Victorian Clothing Style,Victorian Era Style of Dresses for Men and Women

The Victorian era featured many different changes in terms of style. It was probably due to its extremely long time period that it spans as Queen Victoria spent more years on the throne than any other monarch in the history of England. With that said, there were many significant changes made in comparison from the beginning of the era to the end.

Victorian Era Hairstyles
Victorian Era Hairstyles

Early on in the Victorian era virtually all clothing was created by hand. You were required to visit a seamstress or tailor to get fitted and they would create the clothing by hand. However, late in the Victorian era, and particularly by 1907, virtually all clothing was created with the use of machines. Many seamstresses had gone out of business or specialized what type of clothing they offered.

Victorian rich women's clothing
Victorian rich women’s clothing
Free Historical dress pattern
Historical dress pattern

The benefits, however, to the machines producing many types of clothing is that for the first time you were fitted and sized and given a specific size that you were that was typically produced in a factory. These factories also produced much more lavish types of clothing for far less expensive pricing than what they would have been early in the Victorian era. Things such as lace were being mass produced, instead of all being done by hand which made the clothing more expensive. Therefore, even cheaper dresses often contained some type of lace or lavish trim.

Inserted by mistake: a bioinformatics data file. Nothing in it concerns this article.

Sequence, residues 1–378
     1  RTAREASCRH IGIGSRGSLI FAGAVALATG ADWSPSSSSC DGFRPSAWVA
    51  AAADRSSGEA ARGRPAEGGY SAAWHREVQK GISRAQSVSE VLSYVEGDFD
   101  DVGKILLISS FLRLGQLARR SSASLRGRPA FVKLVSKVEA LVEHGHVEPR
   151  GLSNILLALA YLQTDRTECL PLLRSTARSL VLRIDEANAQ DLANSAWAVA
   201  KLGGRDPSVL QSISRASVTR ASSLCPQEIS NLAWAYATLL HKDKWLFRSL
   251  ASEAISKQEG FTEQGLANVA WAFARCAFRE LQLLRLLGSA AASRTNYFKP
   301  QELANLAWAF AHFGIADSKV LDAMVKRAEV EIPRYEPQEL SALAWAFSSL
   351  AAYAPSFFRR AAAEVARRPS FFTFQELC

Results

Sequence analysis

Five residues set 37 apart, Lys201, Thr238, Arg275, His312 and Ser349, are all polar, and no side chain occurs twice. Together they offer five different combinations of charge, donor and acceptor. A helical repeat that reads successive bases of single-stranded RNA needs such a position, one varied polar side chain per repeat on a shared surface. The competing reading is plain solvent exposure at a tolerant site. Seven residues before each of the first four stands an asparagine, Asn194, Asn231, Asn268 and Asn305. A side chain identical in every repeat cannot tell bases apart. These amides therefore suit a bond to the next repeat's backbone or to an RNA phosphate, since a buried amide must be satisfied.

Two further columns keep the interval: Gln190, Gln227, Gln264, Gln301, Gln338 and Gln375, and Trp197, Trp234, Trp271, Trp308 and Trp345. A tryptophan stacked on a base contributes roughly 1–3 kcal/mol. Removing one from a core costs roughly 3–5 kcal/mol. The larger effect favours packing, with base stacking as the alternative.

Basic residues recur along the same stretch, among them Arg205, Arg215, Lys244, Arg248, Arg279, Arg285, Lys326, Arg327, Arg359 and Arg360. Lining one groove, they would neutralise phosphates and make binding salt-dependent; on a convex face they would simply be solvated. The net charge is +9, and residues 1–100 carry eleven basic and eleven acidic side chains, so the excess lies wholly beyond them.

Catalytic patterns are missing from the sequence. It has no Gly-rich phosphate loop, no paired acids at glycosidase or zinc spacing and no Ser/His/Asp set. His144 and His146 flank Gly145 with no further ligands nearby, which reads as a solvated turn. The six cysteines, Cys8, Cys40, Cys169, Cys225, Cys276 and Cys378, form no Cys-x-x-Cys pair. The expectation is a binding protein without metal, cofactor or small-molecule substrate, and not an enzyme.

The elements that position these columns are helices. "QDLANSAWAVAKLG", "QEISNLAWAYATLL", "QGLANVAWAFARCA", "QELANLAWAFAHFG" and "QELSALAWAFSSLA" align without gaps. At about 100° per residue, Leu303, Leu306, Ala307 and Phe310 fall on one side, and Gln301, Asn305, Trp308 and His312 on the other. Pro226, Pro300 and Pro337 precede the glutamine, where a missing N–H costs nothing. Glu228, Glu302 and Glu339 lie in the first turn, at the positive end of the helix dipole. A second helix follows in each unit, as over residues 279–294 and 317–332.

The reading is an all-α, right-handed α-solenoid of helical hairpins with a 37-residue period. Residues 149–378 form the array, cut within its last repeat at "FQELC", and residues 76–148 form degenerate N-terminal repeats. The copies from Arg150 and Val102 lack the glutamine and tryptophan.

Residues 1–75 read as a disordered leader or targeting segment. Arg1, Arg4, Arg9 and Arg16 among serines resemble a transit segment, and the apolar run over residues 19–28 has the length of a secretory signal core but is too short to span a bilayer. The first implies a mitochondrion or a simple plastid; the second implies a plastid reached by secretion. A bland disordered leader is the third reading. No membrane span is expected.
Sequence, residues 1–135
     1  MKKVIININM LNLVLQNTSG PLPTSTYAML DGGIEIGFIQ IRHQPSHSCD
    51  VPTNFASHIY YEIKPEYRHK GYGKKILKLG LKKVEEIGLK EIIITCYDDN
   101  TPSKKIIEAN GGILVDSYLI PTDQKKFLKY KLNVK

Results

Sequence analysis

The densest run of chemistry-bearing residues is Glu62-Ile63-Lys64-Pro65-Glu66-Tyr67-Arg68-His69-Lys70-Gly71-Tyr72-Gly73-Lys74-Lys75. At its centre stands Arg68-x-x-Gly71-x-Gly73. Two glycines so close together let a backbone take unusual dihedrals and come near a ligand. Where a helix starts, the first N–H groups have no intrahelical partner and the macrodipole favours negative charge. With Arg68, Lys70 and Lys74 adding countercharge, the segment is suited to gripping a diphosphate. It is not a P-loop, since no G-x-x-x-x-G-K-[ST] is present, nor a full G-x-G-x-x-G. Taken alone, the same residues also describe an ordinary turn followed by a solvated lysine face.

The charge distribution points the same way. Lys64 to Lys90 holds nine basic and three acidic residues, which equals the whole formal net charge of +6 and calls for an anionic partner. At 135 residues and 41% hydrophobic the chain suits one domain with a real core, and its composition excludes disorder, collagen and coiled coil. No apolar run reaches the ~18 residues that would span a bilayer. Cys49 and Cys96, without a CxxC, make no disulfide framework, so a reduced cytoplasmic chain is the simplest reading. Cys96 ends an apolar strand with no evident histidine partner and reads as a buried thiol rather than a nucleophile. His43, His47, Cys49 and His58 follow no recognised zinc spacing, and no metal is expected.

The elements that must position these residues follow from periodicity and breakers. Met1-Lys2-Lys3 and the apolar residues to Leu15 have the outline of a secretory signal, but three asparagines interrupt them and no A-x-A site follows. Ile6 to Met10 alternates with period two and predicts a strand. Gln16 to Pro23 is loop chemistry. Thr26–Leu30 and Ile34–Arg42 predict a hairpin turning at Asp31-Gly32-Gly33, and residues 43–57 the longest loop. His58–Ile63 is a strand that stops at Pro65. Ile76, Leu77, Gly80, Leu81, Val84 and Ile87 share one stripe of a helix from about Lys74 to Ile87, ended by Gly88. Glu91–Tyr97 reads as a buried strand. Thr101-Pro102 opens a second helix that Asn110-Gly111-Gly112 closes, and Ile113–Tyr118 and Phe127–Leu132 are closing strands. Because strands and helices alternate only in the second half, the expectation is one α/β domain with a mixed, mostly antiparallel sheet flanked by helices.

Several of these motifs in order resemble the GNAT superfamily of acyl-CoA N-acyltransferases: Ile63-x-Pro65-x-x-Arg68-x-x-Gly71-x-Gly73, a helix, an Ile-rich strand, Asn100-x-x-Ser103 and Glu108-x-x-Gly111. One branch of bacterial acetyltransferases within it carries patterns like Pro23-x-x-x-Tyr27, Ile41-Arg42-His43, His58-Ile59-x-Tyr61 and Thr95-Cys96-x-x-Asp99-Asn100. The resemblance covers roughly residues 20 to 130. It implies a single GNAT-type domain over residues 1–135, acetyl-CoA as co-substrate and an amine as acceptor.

Another thing that is worth noting in the style of the Victorian era is that by the end clothing was much more bright and vivid in color. Chemists by the late time of the era were making a wider variety of colors and dyes. This improved the look of clothing and gave more options to choose from.

As far as the overall look of dresses is concerned, there was a lot of difference there too. The beginning of the Victorian era featured dresses that were relatively simple with large hats, long sleeves and touched the floor. The middle of the Victorian era had much more lavishly decorated dresses. The dresses frequently dragged the floor with long trains.

Towards the end of the era, the dresses returned to being long and more simple, but the hats were given up and bonnet to their place in terms of popularity. Still, all dresses had long sleeves and never showed any legs. In fact, it was considered vulgar to wear a dress that showed any of your legs if you were passed the age of 16. Younger than 16 though, it was sometimes acceptable to have progressively shorter dresses. At the age of 4, it was acceptable to have a dress that went just below the knees, but never any shorter than that.

Found info useful?